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Lourdes Garcia-Navarro

Olivia Monroe has just moved to Los Angeles to open her own law firm.

Max Powell is a U.S. Senator who usually spends his weeks in D.C.

After a meet-cute at a hotel bar, they begin a casual, weekends-only long-distance fling. Or is it more? That's the setup for novelist Jasmine Guillory's new romance Party of Two. And it has some timely themes — Olivia is black, Max is white.

Padma Lakshmi — the host of the cooking competition Top Chef — is on a new gastronomical journey, taking her to places you've probably heard of, like Chinatown in San Franscisco, and others you may not, like Little Lima in New Jersey.

The new show is called Taste the Nation, and Lakshmi does not shy away from the complicated history and politics that remind us who is really at the center of our favorite "American" dishes: immigrants.

Zeshan Bagewadi is in many ways, a classic soul singer. As Zeshan B, he channels the music of Sam Cooke, Marvin Gaye and Otis Redding. His signature, though, is combining that classic soul sound with lyrics that pay tribute to his South Asian roots. On his latest album, Melismatic, his first collection of entirely original compositions, he sings in both English and Urdu.

The first sign that something was wrong came with stomach pains. It was April 30, and 9-year-old Kyree McBride wasn't feeling well.

His mother, Tammie Hairston, thought it might have been something that he ate. But soon, young McBride was battling a 102-degree fever.

Worried he may have contracted the coronavirus, Hairston took her son to the hospital. "It was a quick in and out of the emergency room," she said. Doctors told her to take him home and monitor him.

"I wasn't afraid of fighting," Ilhan Omar writes about her childhood in Somalia in her new memoir. "I felt like I was bigger and stronger than everyone else — even if I knew that wasn't really the case."

In This Is What America Looks Like: My Journey from Refugee to Congresswoman, Omar chronicles her childhood in a middle-class family compound in Mogadishu, followed by civil war, four years in a refugee camp, a journey to the United States and ultimately her election to Congress as a Democrat representing Minnesota's 5th district.

On her latest EP, Noah Cyrus wants you to know that you're not alone in feeling alone. Blending the spirit of classic country music with the sensibilities of today's pop, it's called The End of Everything — which feels like a good title for this moment.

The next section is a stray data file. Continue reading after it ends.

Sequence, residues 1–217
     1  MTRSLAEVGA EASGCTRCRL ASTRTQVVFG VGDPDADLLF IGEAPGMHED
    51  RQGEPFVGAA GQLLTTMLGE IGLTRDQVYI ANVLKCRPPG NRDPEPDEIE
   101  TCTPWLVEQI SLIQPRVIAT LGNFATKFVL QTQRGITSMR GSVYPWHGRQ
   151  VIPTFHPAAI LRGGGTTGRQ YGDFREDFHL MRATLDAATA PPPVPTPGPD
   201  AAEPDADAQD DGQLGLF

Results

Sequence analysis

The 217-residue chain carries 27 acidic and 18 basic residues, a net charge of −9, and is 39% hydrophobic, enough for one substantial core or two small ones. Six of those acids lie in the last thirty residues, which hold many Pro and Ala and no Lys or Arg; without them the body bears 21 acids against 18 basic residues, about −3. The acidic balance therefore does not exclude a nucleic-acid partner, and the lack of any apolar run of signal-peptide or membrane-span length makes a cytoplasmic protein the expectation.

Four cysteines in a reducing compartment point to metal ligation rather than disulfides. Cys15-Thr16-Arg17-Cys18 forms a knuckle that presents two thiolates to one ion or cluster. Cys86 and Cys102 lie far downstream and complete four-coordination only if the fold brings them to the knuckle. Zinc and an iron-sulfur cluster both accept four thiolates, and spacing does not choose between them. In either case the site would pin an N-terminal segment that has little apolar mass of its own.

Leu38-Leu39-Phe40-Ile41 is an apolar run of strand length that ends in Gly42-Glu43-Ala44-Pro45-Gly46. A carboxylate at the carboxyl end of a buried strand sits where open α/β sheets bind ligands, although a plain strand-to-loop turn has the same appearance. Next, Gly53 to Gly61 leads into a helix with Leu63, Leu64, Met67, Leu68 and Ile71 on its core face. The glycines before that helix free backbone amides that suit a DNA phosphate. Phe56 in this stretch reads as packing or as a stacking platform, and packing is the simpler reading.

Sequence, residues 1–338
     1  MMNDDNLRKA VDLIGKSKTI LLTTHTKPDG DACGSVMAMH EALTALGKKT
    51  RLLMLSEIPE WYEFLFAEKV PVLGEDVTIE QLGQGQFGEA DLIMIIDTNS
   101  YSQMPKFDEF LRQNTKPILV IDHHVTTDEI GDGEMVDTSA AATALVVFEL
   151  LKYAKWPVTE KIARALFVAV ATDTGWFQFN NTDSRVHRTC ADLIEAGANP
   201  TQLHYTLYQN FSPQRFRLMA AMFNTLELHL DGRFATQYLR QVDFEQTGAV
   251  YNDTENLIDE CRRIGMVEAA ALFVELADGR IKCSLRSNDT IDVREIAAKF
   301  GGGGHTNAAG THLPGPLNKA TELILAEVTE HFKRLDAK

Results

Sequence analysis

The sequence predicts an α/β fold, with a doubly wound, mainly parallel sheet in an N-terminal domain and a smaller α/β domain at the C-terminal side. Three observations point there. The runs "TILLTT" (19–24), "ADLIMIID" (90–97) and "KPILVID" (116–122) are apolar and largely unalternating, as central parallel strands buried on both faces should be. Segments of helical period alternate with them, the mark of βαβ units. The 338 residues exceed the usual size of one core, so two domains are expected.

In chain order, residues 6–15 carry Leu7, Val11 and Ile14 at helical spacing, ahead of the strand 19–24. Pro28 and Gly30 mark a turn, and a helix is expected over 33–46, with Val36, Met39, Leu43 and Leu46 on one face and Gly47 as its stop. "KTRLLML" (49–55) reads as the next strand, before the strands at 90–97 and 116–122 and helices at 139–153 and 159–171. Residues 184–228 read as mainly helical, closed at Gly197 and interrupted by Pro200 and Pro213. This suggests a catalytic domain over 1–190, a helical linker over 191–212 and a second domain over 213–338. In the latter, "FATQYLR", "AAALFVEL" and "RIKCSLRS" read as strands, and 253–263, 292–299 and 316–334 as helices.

Noah comes from quite the musical family, but now, with songs like "July" and "I Got So High That I Saw Jesus," she's finding her own voice.

A young Hillary Rodham, madly in love with the man she met at Yale Law School, abandons her own path and heads to Arkansas. Slowly she starts to uncover Bill Clinton's many infidelities and makes a choice.

What would have happened if Hillary Rodham had never married Bill Clinton?

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If you are anything like me, this pandemic may have sent you back seeking solace in the films from your childhood, "Mary Poppins," "The Sound Of Music." If so, this voice will be familiar and very, very comforting.

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Idi Amin, Fidel Castro, Enver Hoxha, Saddam Hussien, and Pol Pot. Sure, they were ruthless leaders — but more importantly, what did they eat?

In the new book How to Feed a Dictator, journalist Witold Szablowski tracks down the chefs who served these five men, to paint intimate portraits of how they were at home and at the table.

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MONICA RAYMOND: We saw it on the West Coast, and it really - it crept. I wouldn't say crept. I mean, it felt like a tidal wave. Once it hit, it's just been nonstop since then.

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As the coronavirus pandemic intensifies across the country, many churches, synagogues, temples and mosques are temporarily shutting their doors to all public services.

Although there are exemptions for some religious services, congregations are still expected to follow state stay-at-home orders and limitations on gatherings.

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